As a young child, Marianne Brown loved to play in the mud. She was often getting into trouble and traipsing home covered in mud. As a result, Brown’s mom enrolled her in a clay class. As Brown explained, the class allowed her to get muddy, but it also kept her out of trouble.

Over the years, Brown’s love of ‘playing in the mud’ didn’t go away. By the time she was in high school she had already done reduction, salt, and pit firings, and her clay teacher even let her help load the kilns. When she graduated high school, she tried her hand at being a dental technician, but as she stated “…clay was my true love.”

Finally, she enrolled in art school, and in 1989, she graduated with a Bachelor of Fine Arts and a major in ceramics. Since that point, she has continued to experiment and grow her artistic abilities.

By late 1990 she had been juried into the Tennessee Association of Craft Artists and was doing her first fine arts and craft show, but even then, she wasn’t working as a full-time artist. “For the next five years I kept my day job and worked in the studio at night,” she wrote.

Brown’s career as a full-time potter began in 1996 when she moved to Kentucky. “Then in 1996 I took the big jump,” wrote Brown. “I moved to Kentucky and started working full-time in clay. A year and a half later I was juried into the Kentucky Craft Marketing Program, and started doing art shows and exhibits through out Kentucky and the surrounding states. In 2001 I was juried into the Kentucky Guild of Artists and Craftsmen.” Currently, she is the owner of her business, Marianne Brown Pottery, and works as a full-time potter in her studio behind her house.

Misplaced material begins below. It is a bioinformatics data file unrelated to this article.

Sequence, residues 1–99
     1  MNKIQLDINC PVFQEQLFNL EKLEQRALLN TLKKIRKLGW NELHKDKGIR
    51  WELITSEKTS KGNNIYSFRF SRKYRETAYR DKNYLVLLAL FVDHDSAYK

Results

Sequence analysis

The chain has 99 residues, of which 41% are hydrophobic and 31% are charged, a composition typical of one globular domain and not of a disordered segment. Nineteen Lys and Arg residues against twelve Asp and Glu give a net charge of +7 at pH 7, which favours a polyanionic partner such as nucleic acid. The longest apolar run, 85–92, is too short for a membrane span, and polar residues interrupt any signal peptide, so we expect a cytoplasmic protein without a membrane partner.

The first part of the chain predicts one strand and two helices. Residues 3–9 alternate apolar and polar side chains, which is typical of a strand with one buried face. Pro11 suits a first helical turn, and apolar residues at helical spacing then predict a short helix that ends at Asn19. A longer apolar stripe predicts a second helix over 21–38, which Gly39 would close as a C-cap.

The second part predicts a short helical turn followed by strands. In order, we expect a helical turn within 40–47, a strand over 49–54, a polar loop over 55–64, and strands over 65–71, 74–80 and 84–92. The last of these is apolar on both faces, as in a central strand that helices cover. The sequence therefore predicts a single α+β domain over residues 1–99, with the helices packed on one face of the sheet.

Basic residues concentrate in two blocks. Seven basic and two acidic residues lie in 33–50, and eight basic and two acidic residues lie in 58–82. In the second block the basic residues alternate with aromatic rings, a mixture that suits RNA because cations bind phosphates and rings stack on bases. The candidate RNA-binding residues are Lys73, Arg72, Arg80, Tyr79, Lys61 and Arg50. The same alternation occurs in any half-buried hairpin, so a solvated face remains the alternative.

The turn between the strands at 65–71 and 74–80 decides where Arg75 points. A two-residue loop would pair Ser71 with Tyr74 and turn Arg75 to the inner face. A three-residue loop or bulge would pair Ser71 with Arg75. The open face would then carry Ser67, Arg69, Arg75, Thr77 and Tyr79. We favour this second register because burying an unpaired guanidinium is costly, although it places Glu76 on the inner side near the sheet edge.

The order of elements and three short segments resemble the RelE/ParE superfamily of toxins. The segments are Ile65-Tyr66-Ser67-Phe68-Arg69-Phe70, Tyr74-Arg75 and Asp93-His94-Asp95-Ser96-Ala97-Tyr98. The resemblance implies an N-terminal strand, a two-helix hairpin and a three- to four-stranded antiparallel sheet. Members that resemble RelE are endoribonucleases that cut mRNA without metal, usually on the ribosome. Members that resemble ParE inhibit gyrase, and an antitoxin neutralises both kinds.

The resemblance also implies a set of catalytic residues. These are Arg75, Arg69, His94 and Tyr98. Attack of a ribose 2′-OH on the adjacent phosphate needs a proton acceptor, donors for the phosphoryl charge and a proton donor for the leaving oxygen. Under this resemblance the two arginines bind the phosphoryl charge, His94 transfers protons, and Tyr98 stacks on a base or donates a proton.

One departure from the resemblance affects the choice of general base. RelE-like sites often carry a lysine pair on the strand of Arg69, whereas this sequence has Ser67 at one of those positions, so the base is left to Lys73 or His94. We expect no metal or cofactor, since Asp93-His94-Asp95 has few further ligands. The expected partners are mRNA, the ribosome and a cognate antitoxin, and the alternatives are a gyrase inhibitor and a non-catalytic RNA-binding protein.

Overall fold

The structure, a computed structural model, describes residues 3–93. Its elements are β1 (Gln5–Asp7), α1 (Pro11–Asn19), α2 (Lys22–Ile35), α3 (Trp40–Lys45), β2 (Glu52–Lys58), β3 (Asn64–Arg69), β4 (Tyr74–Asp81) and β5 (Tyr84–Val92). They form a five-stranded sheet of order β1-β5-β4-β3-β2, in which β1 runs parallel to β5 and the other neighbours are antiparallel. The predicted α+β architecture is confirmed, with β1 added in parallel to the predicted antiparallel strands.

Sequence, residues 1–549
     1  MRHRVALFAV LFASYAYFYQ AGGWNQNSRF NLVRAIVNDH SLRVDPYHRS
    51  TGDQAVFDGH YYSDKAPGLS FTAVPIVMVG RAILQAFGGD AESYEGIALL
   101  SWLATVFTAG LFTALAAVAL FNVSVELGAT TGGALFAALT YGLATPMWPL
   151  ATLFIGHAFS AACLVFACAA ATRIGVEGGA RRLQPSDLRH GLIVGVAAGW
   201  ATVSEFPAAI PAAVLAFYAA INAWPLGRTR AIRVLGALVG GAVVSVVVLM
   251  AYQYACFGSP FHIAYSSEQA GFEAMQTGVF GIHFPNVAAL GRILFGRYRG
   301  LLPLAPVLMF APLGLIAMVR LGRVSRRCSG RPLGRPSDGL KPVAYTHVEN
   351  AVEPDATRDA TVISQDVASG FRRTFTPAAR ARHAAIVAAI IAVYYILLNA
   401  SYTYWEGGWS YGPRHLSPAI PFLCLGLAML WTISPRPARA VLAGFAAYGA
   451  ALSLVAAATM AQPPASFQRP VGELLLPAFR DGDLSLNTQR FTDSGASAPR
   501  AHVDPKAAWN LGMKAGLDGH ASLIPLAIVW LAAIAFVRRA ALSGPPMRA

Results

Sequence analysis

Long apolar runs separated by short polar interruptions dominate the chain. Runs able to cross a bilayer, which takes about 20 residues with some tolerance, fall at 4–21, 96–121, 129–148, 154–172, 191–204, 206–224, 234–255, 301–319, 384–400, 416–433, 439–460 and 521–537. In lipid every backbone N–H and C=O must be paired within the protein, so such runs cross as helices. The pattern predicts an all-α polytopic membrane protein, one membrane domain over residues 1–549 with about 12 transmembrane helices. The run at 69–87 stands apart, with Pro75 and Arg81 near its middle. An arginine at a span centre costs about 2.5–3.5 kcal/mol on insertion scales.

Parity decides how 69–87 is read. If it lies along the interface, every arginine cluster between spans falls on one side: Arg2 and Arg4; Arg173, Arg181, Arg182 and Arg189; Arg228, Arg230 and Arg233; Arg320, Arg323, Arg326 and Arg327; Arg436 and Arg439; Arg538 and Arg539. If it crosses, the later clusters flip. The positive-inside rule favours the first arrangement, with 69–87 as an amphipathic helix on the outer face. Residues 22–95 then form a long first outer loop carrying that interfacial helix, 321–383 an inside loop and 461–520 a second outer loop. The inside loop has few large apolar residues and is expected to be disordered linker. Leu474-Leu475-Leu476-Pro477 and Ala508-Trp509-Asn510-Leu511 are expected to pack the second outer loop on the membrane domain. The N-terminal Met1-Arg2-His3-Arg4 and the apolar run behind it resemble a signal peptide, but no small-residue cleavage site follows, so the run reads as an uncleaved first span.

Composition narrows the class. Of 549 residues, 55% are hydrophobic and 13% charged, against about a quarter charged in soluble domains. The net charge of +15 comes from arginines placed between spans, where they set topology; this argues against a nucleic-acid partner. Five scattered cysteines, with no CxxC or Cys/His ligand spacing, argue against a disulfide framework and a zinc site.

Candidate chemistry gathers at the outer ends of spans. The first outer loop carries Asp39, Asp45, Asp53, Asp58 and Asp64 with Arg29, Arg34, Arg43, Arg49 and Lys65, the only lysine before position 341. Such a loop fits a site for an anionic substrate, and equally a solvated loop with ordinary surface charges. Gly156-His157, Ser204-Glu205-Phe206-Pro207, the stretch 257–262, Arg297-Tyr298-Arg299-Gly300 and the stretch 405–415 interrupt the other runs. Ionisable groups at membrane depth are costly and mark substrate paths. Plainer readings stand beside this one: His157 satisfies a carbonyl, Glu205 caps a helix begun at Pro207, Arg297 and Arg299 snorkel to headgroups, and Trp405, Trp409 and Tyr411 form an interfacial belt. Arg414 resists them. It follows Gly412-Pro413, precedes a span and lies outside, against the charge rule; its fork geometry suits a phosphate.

In an interview last week, Brown said that her favorite part of what she does is throwing pottery. “It’s addicting,” said Brown. She added that she can easily lose 4 hours or more while she’s doing it.

When asked what an average day looks like, she explained that every day is a bit different. She said that the clay making process works in an 8-week rotation. In this rotation, she makes a batch of pottery from start to finish, including throwing the pottery, trimming it, glazing it, and firing it.

Another step of her pottery-making process is stamping unique, textured designs into the clay. Brown said that she used to paint designs onto her pottery, but one day when she needed something to do with her hands, so she made a clay stamp. Since then she has made many more stamps out of clay. She also uses items such as walnut husks, gears, and buttons to press unique designs into the clay.

Finally, Brown wanted the public to know that Marianne Brown Pottery is open to the public by appointment and that she offers private lessons. She also teaches kids of all ages and adults at the Living Arts and Science Center in Lexington and the Arts Center of the Bluegrass in Danville. “In addition to working in clay I have been teaching kids of all ages how versatile and forgiving clay can be both in hand building and throwing on the wheel,” said Brown. “For more then 20 years I have been sharing with others methods and techniques in clay and for 13 years I have been working at the Living Arts and Science Center in Lexington. I say it is a two way street, I learn from my students too!”